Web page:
5. Connect debugger

  6. Dispatch CompileScriptRunnable to the worker thread

Before the Worker thread starts running runnables, a Worker could have already been exposed to its parent window/worker. So the parent window/worker can send messages to the worker through the postMessage() method. If the Worker is not in the “Running” status yet, these runnables would be kept in WorkerPrivate::mPreStartRunnables.

When WorkerThreadPrimaryRunnable starts executing on the worker thread, it continues the initialization on the worker thread, which includes

  1. Build the connection between WorkerPrivate and the worker thread. Then moving the WorkerPrivate::mPreStartRunnables to the worker thread’s event queue.

  2. Initialize the PerformanceStorage for the Worker.

  3. Start the Cycle-Collector for the Worker.

  4. Initialize the JS context for the Worker.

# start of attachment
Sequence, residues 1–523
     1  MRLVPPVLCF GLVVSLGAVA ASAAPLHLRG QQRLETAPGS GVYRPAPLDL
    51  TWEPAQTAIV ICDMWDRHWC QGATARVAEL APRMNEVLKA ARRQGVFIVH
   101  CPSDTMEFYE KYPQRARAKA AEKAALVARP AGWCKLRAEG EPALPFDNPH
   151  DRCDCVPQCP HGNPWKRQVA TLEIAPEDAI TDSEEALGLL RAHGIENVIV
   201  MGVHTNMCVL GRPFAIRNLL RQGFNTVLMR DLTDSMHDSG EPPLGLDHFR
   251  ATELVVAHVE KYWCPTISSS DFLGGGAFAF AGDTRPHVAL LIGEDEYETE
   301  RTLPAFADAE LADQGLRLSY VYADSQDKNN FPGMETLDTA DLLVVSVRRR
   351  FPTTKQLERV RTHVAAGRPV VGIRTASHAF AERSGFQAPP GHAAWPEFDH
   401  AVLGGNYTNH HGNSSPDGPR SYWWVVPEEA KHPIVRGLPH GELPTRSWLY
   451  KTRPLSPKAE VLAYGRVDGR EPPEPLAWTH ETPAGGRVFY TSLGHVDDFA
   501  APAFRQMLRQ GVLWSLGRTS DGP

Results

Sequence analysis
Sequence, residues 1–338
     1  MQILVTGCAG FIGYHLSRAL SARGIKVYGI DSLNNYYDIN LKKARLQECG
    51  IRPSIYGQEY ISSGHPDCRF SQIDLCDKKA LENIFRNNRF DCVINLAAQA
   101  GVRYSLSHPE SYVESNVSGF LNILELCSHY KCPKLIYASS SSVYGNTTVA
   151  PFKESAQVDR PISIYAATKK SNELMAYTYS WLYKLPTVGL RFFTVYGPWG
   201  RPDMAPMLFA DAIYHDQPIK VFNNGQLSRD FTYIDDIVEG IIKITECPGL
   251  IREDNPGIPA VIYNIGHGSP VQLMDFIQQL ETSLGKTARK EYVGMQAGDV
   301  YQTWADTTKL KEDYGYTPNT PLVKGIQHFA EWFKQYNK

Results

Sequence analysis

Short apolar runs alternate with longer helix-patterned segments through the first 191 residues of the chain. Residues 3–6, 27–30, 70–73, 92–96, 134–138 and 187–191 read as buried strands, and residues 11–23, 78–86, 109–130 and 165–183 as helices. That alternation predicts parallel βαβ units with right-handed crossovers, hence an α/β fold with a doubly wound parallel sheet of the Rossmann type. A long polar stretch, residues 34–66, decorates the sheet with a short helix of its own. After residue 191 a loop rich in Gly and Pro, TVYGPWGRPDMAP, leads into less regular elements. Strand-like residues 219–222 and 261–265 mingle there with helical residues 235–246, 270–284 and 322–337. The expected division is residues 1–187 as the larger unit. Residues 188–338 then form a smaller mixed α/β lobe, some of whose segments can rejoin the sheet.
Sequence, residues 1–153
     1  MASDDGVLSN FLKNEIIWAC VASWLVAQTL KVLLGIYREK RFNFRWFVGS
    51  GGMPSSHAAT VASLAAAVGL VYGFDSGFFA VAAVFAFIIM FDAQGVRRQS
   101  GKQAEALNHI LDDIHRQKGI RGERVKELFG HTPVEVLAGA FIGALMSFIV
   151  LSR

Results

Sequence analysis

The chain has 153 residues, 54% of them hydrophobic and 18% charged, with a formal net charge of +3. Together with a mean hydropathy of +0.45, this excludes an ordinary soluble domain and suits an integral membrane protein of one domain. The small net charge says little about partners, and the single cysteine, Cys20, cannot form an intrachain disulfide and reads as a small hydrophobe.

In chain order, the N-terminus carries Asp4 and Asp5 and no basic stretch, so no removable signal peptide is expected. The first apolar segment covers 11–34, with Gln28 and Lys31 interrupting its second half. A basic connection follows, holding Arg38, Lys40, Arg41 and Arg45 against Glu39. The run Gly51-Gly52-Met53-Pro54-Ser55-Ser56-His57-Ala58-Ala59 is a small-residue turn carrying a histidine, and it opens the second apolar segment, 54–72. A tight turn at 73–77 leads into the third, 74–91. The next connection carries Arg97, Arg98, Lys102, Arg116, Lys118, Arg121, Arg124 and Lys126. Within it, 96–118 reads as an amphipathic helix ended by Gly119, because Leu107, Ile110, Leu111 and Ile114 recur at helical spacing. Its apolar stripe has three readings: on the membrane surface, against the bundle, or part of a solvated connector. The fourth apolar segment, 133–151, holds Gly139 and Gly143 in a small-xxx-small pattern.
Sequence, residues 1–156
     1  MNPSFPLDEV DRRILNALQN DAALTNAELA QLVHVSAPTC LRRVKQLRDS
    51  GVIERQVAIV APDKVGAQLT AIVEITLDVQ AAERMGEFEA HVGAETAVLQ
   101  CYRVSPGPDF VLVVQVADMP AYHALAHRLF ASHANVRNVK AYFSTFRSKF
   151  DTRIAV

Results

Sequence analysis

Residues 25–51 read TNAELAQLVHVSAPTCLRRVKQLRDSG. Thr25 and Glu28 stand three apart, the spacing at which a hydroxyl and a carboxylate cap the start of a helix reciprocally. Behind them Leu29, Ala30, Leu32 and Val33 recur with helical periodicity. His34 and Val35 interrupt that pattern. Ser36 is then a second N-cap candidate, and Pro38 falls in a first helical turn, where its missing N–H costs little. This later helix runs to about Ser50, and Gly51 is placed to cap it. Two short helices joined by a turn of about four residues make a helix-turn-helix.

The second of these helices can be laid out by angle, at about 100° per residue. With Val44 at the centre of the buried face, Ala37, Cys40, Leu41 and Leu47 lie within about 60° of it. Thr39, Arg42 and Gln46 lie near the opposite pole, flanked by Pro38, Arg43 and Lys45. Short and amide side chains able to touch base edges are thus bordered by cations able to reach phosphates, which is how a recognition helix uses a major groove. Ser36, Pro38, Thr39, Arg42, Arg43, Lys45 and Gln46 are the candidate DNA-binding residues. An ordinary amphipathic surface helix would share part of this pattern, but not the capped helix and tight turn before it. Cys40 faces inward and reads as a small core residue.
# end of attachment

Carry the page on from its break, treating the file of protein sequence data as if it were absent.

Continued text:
5. Call WorkerPrivate::DoRunLoop() to consume the Runnables in the worker thread’s event queue.


This is the status which the Worker starts to execute runnables on the worker thread.

Once the Worker gets into “Running”,

  1. Enable the memory reporter

  2. Start the GC timer.

“Running” is the status where we play with the Worker. At this time point, we can

  1. Create WorkerRefs to get the Worker shutdown notifications and run shutdown cleanup jobs through the registered callback.

  2. Create sync-eventLoop to make the worker thread to wait for another thread’s execution.

  3. Dispatching events to WorkerGlobalScope to trigger event callbacks defined in the script.

We will talk about WorkerRef, Sync-EventLoop in detail later.